Statistics are funny old thing. Vic Reeves once said that 88.2 per cent of statistics are made up. We think that's probably a conservative estimate.
Far be it from us to suggest that some bean counters will cook the books in order to get the results they want to see, but there is always flexibility in what things you decide to count, or how you to decide to count them.
One case in point is Apple's iPad. Is it a personal computer or an overgrown iPhone?
The thorny subject has reared its head because everyone likes charts and league tables and leadership ladders. We all like to know where our favourite companies rank and Apple fans in particular are always keen to prove to their PC-toting brethren that they are anything but inconsequential when it comes to computer sales.
There are dozens of analyst outfits out there counting our computers and charting their growth and decline on big fancy charts, which they sell to other people who shift money about to make people they don't know, and who don't actually work for a living, more money.
These people make a living telling other people how many things a company has made, how many of them it sold, and how much cash it is likely to make in the future.
Companies like Gartner and Canalys watch companies like Apple very closely, shadowing their customers and digging through their bins for any scrap of evidence they find. (OK we made the last bit up... probably).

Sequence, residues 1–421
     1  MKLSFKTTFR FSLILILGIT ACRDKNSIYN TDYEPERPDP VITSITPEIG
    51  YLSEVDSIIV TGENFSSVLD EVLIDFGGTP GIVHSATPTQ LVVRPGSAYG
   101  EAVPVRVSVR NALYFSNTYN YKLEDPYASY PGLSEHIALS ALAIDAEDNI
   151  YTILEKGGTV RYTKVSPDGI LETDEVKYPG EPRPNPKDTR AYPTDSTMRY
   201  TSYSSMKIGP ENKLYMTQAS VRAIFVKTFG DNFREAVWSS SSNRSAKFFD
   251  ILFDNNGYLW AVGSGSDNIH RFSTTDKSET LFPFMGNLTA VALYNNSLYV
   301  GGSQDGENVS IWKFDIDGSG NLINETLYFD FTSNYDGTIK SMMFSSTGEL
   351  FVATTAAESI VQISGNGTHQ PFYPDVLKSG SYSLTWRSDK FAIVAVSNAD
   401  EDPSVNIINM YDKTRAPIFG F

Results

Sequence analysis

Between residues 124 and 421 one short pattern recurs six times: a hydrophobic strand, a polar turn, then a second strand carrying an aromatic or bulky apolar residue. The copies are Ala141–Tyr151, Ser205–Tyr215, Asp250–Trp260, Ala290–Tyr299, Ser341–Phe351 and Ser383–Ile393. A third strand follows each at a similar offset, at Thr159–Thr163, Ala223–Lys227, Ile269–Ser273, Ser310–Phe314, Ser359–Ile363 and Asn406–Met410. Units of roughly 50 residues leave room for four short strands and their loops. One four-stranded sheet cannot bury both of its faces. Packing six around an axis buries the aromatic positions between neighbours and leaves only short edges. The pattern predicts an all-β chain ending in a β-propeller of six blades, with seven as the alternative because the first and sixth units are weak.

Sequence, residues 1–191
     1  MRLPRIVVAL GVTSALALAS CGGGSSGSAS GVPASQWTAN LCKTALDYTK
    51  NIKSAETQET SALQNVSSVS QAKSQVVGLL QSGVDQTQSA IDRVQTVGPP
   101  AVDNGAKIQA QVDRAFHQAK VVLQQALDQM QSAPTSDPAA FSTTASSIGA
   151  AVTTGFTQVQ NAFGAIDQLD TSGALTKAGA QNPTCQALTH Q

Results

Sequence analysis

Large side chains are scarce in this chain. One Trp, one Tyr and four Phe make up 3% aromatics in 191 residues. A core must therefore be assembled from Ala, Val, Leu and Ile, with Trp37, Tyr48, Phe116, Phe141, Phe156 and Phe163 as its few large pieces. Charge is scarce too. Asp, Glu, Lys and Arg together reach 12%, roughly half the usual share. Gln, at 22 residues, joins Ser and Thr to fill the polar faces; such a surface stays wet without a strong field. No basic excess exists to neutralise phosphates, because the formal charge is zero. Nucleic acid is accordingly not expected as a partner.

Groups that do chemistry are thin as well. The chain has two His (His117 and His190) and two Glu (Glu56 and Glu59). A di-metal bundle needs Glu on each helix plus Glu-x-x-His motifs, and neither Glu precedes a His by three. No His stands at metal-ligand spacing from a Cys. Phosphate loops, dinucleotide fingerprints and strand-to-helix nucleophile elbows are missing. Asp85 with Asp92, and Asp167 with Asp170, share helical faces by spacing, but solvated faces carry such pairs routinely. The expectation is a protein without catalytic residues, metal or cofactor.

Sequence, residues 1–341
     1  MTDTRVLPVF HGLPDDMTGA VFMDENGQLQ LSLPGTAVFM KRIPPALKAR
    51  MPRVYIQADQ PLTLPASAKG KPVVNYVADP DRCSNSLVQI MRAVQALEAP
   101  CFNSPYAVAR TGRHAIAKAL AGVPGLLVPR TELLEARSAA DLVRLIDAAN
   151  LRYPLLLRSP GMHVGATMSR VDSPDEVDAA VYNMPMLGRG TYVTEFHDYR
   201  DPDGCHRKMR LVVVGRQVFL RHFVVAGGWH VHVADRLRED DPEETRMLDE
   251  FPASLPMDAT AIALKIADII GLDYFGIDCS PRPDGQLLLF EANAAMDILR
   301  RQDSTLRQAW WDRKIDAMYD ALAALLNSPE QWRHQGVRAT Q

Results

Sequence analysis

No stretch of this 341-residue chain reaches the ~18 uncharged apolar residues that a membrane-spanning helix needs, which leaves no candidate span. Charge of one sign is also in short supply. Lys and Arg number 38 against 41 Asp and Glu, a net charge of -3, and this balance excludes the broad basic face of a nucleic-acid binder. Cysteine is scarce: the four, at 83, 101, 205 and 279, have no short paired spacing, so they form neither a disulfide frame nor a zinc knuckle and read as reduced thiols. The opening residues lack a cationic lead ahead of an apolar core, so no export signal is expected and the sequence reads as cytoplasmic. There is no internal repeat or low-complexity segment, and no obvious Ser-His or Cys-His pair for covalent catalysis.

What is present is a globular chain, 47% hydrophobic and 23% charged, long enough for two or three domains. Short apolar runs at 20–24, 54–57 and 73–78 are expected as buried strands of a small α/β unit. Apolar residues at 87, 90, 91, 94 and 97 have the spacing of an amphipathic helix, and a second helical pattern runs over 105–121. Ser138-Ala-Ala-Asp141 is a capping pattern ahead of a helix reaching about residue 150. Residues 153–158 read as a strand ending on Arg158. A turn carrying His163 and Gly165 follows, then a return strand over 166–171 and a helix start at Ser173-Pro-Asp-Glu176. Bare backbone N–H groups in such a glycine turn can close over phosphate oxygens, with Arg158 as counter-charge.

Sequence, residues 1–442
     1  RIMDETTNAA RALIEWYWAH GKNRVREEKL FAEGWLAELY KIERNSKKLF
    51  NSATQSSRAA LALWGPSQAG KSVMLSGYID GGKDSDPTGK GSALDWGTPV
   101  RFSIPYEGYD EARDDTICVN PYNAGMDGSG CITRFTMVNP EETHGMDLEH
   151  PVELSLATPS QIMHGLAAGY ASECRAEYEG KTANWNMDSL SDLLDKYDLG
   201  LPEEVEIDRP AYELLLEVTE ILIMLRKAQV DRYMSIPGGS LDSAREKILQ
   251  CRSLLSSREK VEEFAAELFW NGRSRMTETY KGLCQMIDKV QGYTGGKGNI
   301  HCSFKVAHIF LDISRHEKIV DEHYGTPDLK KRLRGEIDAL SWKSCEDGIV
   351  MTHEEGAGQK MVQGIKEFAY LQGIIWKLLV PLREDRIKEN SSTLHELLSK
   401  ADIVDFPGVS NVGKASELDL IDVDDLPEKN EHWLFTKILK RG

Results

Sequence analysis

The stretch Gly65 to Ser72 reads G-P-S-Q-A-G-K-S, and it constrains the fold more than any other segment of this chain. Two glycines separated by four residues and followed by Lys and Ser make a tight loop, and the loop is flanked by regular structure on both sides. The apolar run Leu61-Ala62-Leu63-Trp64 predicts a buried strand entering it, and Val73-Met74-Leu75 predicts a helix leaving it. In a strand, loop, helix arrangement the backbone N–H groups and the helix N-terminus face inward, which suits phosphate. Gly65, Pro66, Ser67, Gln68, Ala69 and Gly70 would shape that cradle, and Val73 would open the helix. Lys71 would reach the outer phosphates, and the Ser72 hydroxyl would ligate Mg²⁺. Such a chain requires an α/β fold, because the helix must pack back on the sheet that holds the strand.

Now it turns out that some analysis outfits are counting the iPad as a PC (Canalys) and some of them aren't (Gartner).
which might seem academic to some, but actually makes a huge difference if you happen to work for Apple.
The problem is, if you don't count the tablet-based iPad as a PC (we're not going to get into definitions here, we're going with, if you work on it - it's a PC, if you play on it - it's a gadget) Apple is the seventh biggest manufacturer of personal computers in the world.
If, however, you are willing to let the iPad onto the PC club, Apple takes up a much more impressive fifth place, leapfrogging both Toshiba and Asus into the bargain.
HP still leads the pack with 17.4 per cent, followed by Acer (13 per cent), Dell (12.4 per cent) and Lenovo (10 per cent).
But Adding Apple's 3.5 million traditional desktop and laptop computers to the 3.2 million iPads the outfit has shifted this year puts the Cupertino company into an altogether different league with a shade over eight per cent of the entire market.
So where do you draw the line? We suspect that Dell and HP would like to draw it just under their lowest spec netbooks for the time being. Until they come out with their own Johnny-come-lately tablets later this year, that is.
So is the iPad a personal computer or an overpriced lifestyle gadget strictly for people with £100 haircuts? Vent your spleen in the comments below.
Kudos to Reghardware for sparking the discussion